One machine, the D-Wave Two, leased by the Universities Space Research Association, is based at NASA's Ames Research Center in Mountain View, Calif. NASA has use of the machine 40 percent of the time, Google has another 40 percent and the research association has 20 percent.
Google declined to talk about its work with the system. However, its experiments on the computer have led to debate on whether D-Wave's computer performs any better than classic computing or whether it is a quantum computer at all.
NASA, which has had its hands on the D-Wave Two since last September, has only been testing it, Biswas said. His group has been doing high-performance modeling and simulation on problems related to Earth sciences, aeronautics and deep space exploration.
"We're still in the early stages," said Biswas, but added that testing is going well. "We are trying to see what it can do. It's not a turnkey situation. It's a very exotic field. It's like in the early days of computing when we had computers with vacuum tubes and card readers."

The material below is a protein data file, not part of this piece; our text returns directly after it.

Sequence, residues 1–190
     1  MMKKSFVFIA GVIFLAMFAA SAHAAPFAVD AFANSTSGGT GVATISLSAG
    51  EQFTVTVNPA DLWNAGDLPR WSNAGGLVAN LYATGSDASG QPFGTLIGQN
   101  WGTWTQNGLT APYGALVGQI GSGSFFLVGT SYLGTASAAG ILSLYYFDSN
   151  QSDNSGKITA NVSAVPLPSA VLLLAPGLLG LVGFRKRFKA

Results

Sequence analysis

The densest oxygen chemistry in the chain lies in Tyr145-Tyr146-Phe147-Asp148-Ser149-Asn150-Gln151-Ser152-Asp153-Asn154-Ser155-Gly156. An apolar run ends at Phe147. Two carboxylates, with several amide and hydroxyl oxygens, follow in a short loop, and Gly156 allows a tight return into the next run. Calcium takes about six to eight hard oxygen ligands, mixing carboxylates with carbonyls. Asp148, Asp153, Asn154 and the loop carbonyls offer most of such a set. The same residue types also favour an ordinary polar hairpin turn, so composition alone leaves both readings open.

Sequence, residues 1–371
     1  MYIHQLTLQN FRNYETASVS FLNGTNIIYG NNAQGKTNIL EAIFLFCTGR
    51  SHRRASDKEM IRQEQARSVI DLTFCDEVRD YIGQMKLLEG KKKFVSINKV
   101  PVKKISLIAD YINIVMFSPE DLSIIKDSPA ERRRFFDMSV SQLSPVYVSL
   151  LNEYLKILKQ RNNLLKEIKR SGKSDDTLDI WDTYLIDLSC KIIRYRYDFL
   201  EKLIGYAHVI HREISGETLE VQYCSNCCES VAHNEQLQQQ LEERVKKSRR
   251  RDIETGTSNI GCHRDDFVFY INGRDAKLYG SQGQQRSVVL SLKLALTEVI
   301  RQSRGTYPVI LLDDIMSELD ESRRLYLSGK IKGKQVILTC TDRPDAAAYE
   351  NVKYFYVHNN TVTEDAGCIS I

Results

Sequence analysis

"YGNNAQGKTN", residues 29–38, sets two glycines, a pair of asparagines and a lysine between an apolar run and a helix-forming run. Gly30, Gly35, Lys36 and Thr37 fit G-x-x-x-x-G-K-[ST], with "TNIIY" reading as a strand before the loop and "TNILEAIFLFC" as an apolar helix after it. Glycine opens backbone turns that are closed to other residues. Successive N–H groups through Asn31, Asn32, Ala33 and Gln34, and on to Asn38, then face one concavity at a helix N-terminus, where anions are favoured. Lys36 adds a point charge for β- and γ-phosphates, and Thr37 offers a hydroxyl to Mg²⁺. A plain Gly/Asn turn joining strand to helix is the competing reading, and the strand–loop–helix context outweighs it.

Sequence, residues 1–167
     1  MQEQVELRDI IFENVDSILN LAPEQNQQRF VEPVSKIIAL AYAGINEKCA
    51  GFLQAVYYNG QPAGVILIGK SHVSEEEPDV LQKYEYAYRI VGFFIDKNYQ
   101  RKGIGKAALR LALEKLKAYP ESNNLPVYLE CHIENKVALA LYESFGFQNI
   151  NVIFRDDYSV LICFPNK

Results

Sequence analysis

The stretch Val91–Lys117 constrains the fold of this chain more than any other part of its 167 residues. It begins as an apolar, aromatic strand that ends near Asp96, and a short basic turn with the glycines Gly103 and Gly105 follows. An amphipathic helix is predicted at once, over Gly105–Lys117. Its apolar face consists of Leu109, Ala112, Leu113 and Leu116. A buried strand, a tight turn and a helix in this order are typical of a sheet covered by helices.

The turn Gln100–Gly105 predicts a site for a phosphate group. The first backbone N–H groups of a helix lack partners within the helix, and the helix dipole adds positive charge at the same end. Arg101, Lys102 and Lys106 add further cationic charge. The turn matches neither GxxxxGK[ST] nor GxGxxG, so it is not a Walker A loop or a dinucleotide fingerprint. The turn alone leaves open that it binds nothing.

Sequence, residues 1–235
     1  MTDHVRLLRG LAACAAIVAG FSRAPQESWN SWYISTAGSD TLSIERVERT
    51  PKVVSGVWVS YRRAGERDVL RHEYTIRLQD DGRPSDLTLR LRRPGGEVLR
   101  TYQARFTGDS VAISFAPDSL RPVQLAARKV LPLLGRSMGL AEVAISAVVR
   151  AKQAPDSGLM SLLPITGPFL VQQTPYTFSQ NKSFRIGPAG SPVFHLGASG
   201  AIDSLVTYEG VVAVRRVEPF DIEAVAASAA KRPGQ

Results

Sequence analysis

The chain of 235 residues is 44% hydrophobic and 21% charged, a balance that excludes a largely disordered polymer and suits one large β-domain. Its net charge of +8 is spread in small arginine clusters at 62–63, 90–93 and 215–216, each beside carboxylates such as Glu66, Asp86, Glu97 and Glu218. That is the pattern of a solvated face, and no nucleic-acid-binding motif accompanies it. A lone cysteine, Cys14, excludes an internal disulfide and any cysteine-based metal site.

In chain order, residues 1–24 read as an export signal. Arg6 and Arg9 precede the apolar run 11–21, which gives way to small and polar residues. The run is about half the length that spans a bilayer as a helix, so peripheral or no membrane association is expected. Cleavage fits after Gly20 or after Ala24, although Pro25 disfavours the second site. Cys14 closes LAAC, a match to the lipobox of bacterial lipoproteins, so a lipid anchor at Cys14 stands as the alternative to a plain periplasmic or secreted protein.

D-Wave's system at NASA may be the first commercially available quantum computer, but it's not the first quantum machine. Basic quantum computers have been built before. In 2000, scientists at the Los Alamos National Laboratory demonstrated a working 7-qubit system.
In 2011, Brownell said, D-Wave, to prove it was on the right track, built a quantum computer running 8 qubits. However, the company hasn't proved that its 512-qubit machine works as a quantum computer, and that's because, he said, it simply can't be proven.
"These are such complex systems they can't be modeled by all the computers in the world put together," Brownell said. "That will never be completely provable."
Paul Benioff, who is credited with being the first to apply the theories of quantum mechanics to computers in the early 1980s while working at the Argonne National Laboratory, is doubtful that D-Wave has built a true quantum computer. "We're a long ways away," he told Computerworld. "It won't happen in my lifetime and I don't intend to die tomorrow."
Benioff says it could be 20 to 50 years before anyone is able to get a lot of qubits to work together. "It's not hard to build [a qubit], but how do you build a whole lot of them and have one over here interact with one way over there?" he asked. "There are a lot of questions out there about whether they are full quantum computers. It could be a step there or it's an offshoot of the right way to go."